Dr. Jackie Pritchard will continue as the master indexer for PrimateLit. If you were providing the Primate Information Center with materials for indexing in PrimateLit, these should now be sent to: Jacobsen Library, WNPRC, 1220 Capitol Court, Madison, WI 53715 [email@example.com].
The PrimateLit database is freely available to all users at <primatelit.library.wisc.edu>.
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Position Available: Director of Veterinary Sciences
If you, or someone you know, might be interested in this opportunity, contact Kamini Nair, RSA Singapore, 24 Raffles Place, #20-04 Clifford Centre, Singapore 048621 [+65 6533 5708; e-mail: Kamini.Nair@ thersagroup.com].
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Gorillas could disappear from much of Africa’s Congo River Basin within 15 years without urgent action to protect them, a United Nations and police report says. “Illegal logging, mining, charcoal production, and increased demand for bush meat, of which an increasing proportion is ape meat,” are killing off gorillas, the largest of the living primates, the U.N. Environment Program and International Criminal Police Organization, or Interpol, report said. Projections in 2002 that only 10 percent of the original gorilla ranges would remain by 2030 “were too optimistic,” given intense illegal habitat destruction and poaching of the ground-dwelling plant-eaters that live in central Africa’s forests, the report said.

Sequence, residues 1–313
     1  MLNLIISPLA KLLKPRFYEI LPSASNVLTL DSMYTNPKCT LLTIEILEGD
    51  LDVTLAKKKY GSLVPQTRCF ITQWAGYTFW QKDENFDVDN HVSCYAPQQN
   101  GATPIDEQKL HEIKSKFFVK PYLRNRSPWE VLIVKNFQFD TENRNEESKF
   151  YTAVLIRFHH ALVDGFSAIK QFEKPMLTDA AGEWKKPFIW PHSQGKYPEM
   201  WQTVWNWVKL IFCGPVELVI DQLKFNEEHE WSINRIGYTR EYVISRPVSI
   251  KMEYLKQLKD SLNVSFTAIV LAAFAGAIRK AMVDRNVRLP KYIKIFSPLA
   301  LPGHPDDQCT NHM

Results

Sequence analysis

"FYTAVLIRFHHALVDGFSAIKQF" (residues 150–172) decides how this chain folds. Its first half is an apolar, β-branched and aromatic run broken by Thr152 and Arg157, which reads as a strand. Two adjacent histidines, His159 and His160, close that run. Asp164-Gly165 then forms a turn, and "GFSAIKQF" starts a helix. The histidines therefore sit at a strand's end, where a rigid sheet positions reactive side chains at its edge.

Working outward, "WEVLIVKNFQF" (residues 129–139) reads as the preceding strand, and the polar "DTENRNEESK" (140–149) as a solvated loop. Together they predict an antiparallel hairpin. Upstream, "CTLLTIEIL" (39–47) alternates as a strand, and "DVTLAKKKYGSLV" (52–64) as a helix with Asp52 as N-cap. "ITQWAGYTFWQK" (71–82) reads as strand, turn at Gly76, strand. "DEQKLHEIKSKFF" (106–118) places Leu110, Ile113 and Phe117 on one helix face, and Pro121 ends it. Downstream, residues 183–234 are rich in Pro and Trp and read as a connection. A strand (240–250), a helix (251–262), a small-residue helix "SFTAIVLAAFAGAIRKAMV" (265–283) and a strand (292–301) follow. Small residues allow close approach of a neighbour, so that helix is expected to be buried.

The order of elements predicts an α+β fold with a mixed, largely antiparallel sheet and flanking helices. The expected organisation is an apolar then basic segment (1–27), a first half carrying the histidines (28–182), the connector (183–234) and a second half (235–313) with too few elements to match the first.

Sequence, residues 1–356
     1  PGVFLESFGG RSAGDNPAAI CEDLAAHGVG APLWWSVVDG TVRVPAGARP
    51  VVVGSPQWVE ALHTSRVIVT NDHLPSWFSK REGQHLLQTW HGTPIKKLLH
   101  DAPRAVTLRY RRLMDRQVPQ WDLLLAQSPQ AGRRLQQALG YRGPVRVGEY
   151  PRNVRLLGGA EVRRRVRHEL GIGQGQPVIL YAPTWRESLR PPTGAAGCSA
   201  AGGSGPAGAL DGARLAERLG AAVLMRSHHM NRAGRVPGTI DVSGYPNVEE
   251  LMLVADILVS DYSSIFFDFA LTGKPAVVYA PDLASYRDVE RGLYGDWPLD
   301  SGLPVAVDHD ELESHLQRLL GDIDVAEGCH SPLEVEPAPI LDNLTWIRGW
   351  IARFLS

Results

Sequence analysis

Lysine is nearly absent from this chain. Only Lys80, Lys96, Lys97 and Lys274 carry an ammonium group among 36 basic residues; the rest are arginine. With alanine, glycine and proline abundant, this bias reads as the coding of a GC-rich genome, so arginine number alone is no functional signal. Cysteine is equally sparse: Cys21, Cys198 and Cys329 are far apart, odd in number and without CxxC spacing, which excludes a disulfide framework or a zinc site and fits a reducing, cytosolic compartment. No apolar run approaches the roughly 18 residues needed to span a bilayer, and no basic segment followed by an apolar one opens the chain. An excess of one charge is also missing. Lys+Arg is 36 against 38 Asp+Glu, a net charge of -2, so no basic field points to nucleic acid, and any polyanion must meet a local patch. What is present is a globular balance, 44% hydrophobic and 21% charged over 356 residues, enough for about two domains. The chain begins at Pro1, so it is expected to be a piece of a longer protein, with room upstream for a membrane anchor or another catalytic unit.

Outbreaks of the Ebola hemorrhagic fever virus are adding to concerns, it said. “These epidemics have killed thousands of great apes, including gorillas, and by some estimates up to 90 percent of animals infected by the virus will die.”
Militias in the Democratic Republic of Congo are behind much of the illegal gorilla trade, worth an estimated several hundred million dollars a year, the report said, adding, “Buyers of poached gorillas are in Asia and beyond.”
“This is a tragedy for the great apes and one also for countless other species being impacted by this intensifying and all-too-often illegal trade,” U.N. Environment Program Executive Director Achim Steiner said in a statement. “Ultimately it is also a tragedy for the people living in the communities and countries concerned,” he said. – United Press International, March 25, 2010
Orangutan Turns 50 at Arizona Zoo